Thompson, E.P. (1980), The Making of the English Working Class, Middlesex: Penguin, chapter 3.

Week 4 – Work, Industry and Discipline

*Emsley, Clive (2010), Crime and Society in England 1750-1900, Longman: Harlow, Chapters 6.

Emsley, Clive (2011), Crime and Society in Twentieth Century England, Pearson: Harlow. Chapters 5.

Godfrey, Barry (1999), ‘Law, Factory Discipline and “Theft”: The Impact of the Factory on Workplace Appropriation in Mid-Late Nineteenth Century’, British Journal of Criminology Vol. 39 (1), pp.56-71.

*Godfrey, Barry and Lawrence, Paul (2011), Crime and Justice 1750-1950, Routledge: London, Chapter 9.

Godfrey B. and Cox D (2013), Policing the Factory: Theft, Private Policing and the Law in Modern England, Bloomsbury: London

Thompson, E.P. (1991a), The Making of the English Working Class, Middlesex: Penguin [especially pp.569-659].

Thompson, E.P. (1993), Customs in Common, Penguin: Middlesex, Chapter 6.

Watkiss-Singleton, Ros (2014) ‘“Crime? No, it Wasn’t Really a Crime”: Using Oral History and Memoirs to Teach Crime History’, Law, Crime and History Vol.4 (1), http://www.pbs.plymouth.ac.uk/solon/journal/vol.4%20issue1%202014/Watkiss-Singleton%20paper%20-%20FINAL.pdf

Week 5 – Criminal ‘Others’: White Collar Crime

*Emsley, Clive (2010), Crime and Society in England 1750-1900, fourth edition, Longman: Harlow, Chapter 6.

Locker, John P. (2005), ‘“Quiet Thieves, Quiet Punishment”: Private Responses to the “Respectable” Offender, c.1850-1930’, Crime, History and Societies Vol.9 (1), pp.9-31.

Robb, George (1992), White-Collar Crime in Modern Britain: Financial Fraud and Business Morality 1845-1929, Cambridge University Press: Cambridge.

Robb, George (2006), ‘Women and White-Collar Crime: Debates on Gender, Fraud and the Corporate Economy in England and America, 1850–1930’, The British Journal of Criminology, Vol.46 (6), pp.1058-1072.

Sindall, Rob (1983), ‘Middle-Class Crime in Nineteenth-Century England’, Criminal Justice History Vol.4, pp.23-40.

Taylor, James (2013), Boardroom Scandal, Oxford University Press: Oxford.

Taylor, James (2017), ‘White-Collar Crime and the Law in Nineteenth-Century Britain’, Business History, forthcoming. [Online]. Available from: http://www.tandfonline.com/doi/abs/10.1080/00076791.2017.1339691

Wilson, Sarah (2006), ‘Law, Morality and Regulation: Victorian Experiences of Financial Crime’, The British Journal of Criminology Vol.46 (6), pp.1073-1090.

*Wilson, Sarah (2010), ‘Fraud and White Collar Crime: 1850 to the Present’ in Histories of Crime: Britain 1600-2000, edited by Kilday, Anne-Marie and Nash, David, Palgrave Macmillan: Basingstoke, pp.141-159.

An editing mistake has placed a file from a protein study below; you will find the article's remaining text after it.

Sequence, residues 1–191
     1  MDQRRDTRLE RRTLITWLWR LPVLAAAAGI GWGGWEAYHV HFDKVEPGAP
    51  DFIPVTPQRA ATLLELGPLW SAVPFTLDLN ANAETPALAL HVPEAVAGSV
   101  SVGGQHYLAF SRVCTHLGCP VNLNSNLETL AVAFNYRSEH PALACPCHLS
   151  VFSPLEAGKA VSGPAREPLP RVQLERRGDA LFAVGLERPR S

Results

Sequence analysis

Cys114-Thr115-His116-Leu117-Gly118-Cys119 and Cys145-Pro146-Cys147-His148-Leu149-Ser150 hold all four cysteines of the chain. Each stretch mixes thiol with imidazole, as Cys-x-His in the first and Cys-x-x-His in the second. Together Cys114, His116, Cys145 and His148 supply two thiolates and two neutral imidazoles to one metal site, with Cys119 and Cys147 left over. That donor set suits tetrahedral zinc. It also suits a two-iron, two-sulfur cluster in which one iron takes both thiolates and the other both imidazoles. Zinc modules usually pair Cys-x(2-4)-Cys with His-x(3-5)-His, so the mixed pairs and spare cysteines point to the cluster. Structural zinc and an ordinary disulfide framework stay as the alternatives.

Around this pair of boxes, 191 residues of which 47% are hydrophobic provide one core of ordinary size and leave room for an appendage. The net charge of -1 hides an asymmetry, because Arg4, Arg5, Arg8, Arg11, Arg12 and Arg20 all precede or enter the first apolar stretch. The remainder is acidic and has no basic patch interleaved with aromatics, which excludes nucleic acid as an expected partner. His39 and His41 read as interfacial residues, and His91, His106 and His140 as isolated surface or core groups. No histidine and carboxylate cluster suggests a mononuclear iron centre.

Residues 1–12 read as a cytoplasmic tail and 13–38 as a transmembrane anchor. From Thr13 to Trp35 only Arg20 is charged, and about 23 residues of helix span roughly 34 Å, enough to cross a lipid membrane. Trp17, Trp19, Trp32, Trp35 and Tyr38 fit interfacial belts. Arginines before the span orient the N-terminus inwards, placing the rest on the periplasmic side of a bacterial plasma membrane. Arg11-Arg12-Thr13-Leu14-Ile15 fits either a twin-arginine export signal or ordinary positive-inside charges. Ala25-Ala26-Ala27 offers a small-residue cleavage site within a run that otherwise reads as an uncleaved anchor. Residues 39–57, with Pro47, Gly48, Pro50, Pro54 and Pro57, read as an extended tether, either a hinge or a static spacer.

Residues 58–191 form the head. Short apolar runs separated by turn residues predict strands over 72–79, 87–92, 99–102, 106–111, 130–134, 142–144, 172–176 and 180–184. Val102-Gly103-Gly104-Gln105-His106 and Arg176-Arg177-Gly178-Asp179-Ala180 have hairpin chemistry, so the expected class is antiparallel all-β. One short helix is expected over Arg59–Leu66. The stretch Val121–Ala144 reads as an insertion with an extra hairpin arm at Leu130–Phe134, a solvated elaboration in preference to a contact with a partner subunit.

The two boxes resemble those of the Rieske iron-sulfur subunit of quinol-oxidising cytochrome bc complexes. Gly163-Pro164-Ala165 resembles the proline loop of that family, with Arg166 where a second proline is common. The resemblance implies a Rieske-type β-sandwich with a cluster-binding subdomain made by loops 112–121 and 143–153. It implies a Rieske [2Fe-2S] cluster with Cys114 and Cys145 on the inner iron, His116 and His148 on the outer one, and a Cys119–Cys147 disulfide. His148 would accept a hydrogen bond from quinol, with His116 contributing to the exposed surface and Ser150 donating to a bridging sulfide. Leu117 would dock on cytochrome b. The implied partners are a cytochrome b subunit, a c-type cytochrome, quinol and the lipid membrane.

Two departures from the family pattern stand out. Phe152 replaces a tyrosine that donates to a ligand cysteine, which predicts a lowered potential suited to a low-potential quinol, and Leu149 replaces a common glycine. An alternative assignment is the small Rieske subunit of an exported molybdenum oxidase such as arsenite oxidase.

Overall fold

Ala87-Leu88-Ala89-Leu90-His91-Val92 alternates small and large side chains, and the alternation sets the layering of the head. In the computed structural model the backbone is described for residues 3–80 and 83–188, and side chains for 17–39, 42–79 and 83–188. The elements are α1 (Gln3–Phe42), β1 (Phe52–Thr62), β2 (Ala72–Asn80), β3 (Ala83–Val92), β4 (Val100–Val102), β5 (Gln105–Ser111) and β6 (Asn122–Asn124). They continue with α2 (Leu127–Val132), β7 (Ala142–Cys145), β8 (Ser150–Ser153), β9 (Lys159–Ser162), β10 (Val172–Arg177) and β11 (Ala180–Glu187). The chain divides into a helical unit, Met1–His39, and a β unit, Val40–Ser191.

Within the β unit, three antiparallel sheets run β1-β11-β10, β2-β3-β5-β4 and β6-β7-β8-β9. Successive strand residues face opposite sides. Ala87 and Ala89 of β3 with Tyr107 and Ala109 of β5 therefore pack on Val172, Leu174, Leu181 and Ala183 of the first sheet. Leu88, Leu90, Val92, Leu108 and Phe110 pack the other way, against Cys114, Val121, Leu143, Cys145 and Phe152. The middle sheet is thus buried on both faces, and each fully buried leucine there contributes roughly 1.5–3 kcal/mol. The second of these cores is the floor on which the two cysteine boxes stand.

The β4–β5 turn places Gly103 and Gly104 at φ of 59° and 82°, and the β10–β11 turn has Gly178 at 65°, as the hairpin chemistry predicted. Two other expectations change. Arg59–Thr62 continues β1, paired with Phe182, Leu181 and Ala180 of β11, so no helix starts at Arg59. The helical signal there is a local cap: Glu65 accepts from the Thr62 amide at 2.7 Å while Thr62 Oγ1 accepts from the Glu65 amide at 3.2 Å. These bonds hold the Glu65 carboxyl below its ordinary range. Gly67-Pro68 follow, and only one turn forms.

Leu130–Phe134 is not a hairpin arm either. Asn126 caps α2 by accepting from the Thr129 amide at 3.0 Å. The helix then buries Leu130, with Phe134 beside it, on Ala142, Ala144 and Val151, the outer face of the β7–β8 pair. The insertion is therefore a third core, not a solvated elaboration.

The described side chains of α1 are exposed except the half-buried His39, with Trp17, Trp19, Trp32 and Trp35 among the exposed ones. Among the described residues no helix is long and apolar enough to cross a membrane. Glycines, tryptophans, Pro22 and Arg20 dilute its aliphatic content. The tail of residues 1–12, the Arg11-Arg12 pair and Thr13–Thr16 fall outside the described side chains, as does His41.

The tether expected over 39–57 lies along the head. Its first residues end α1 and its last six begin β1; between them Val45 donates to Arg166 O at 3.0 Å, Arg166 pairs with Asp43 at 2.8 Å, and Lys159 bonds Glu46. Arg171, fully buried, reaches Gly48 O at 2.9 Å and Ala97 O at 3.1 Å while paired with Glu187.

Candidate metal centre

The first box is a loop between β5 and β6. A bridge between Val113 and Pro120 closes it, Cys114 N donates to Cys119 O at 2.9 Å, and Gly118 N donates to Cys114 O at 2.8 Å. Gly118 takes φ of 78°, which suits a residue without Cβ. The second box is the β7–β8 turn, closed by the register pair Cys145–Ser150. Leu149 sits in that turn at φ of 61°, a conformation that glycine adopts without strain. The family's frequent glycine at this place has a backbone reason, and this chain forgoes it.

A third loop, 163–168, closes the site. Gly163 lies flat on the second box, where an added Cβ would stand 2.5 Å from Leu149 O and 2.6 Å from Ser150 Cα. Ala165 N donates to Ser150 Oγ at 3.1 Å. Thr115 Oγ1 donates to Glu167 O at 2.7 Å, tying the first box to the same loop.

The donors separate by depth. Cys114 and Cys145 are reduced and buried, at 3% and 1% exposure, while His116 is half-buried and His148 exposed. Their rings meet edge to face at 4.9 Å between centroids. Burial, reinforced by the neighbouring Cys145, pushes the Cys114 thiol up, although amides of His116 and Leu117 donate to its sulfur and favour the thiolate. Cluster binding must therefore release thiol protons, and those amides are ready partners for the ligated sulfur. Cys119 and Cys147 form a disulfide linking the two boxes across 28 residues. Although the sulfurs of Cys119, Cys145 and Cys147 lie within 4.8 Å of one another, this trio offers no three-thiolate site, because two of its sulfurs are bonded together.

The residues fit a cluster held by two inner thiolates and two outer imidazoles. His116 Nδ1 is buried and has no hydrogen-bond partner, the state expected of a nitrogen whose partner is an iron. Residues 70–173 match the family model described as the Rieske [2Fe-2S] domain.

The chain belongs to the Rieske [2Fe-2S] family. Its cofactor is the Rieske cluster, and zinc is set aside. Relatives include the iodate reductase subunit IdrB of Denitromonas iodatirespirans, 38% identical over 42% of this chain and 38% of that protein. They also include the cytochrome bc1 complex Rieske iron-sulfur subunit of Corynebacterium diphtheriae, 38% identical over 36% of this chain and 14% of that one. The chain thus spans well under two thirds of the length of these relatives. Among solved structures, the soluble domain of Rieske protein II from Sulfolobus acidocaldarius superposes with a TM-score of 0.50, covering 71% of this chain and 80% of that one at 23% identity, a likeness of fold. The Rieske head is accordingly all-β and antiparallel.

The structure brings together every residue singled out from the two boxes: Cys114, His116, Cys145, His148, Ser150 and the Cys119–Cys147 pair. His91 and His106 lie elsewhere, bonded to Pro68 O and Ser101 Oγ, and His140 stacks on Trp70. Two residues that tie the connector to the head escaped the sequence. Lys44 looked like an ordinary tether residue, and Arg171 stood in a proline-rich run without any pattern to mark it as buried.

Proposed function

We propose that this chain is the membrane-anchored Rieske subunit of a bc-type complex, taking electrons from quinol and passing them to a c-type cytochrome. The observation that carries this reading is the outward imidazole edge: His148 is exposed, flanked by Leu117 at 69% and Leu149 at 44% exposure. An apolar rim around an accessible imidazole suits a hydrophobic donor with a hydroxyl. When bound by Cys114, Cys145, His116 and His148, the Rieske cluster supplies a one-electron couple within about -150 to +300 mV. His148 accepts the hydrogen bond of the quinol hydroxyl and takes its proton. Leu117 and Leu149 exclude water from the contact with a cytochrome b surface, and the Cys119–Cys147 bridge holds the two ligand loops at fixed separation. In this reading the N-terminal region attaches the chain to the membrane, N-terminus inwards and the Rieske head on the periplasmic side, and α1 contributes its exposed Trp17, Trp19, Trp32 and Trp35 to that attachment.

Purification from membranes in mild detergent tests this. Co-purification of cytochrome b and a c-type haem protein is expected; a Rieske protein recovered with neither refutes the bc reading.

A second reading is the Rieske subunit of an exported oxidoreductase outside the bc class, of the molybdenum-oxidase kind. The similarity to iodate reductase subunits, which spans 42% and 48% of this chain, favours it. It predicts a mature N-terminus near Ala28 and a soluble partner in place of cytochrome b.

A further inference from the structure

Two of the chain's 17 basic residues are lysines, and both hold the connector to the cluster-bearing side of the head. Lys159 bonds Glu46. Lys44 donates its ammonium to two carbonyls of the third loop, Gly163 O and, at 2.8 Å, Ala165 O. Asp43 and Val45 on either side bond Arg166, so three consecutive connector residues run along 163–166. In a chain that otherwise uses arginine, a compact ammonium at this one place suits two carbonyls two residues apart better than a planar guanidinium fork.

*Wilson, Sarah (2014), The Origins of Modern Financial Crime: Historical Foundations and Current Problems in Britain, Routledge: London.

Week 6 – Criminal ‘Others’: Gender

Bailey, Joanne (2010), ‘Cruelty and Adultery: Offences Against the Institution of Marriage’, in Histories of Crime: Britain 1600-2000, edited by Kilday, Anne-Marie, and Nash, David, Palgrave: Basingstoke, pp.39-59.

D’Cruze, Shani and Jackson, Louise (2009), Women, Crime and Justice in England since 1660, Palgrave: Basingstoke.

*Emsley, Clive (2010), Crime and Society in England 1750-1900, Longman: Harlow, Chapters 4.

Feeley, Malcolm and Little, Deborah (1991), ‘The Vanishing Female: The Decline of Women in the Criminal Process, 1687-1912’, Law and Society Review Vol. 25, pp.719-757.

Gatrell, Vic (1994), The Hanging Tree, Oxford University Press: Oxford, Chapter 13.

*Godfrey, Barry and Lawrence, Paul (2011), Crime and Justice 1750-1950, Routledge: London, Chapter 8.

Godfrey B. (2013), ‘A Historical Perspective on Criminal Justice Responses to Female and Male Offending’, in Oxford Handbook on Gender, Sex, and Crime edited by McCarthy W. and Gartner R., Oxford, Oxford University Press.

King, Peter (2000) Crime, Justice and Discretion in England 1740-1820, Oxford University Press: Oxford, pp 196-207 and 278-288.

King, Peter (2006), Crime and Law in England, 1750-1840, Cambridge: Cambridge University Press, Chapter 6.

Malcolmson, R.W. (1977), ‘Infanticide in the eighteenth century’, in J. Cockburn (ed.), Crime in England 1550-1800, Princeton University Press: Princeton.

Rowbotham, Judith, (2000) ‘“Only When Drunk”: the stereotyping of violence in England, c.1850-1900’, in Everyday Violence in Britain, 1850-1950, edited by Shani D’Cruze, Pearson: Essex, pp.155-159.

Wiener, Martin J. (2004), Men of Blood, CUP: Cambridge.

Zedner, Lucia (1991), Women, Crime and Custody in Victorian England, Oxford University Press: Oxford.

Week 7 – Criminal ‘Others’: Juveniles

Cox, Pamela (2002), Gender, Justice and Welfare: Bad Girls in Britain, 1900-1950, Palgrave Macmillan: Basingstoke.

Davies, Andrew (1998), ‘Youth Gangs, Masculinity and Violence in Late Victorian Manchester and Salford’, Journal of Social History, Vol. 32(2), pp.349-369.

Emsley, Clive (2011), Crime and Society in Twentieth-Century England, Longman: Harlow. Chapter 4.

*Godfrey, Barry and Lawrence, Paul (2015), Crime and Justice since 1750, second edition, Routledge: London. Chapter 8.

Gray, Drew D. (2016), Crime, Policing and Punishment in England, 1660-1914, Bloomsbury: London. Chapter 8.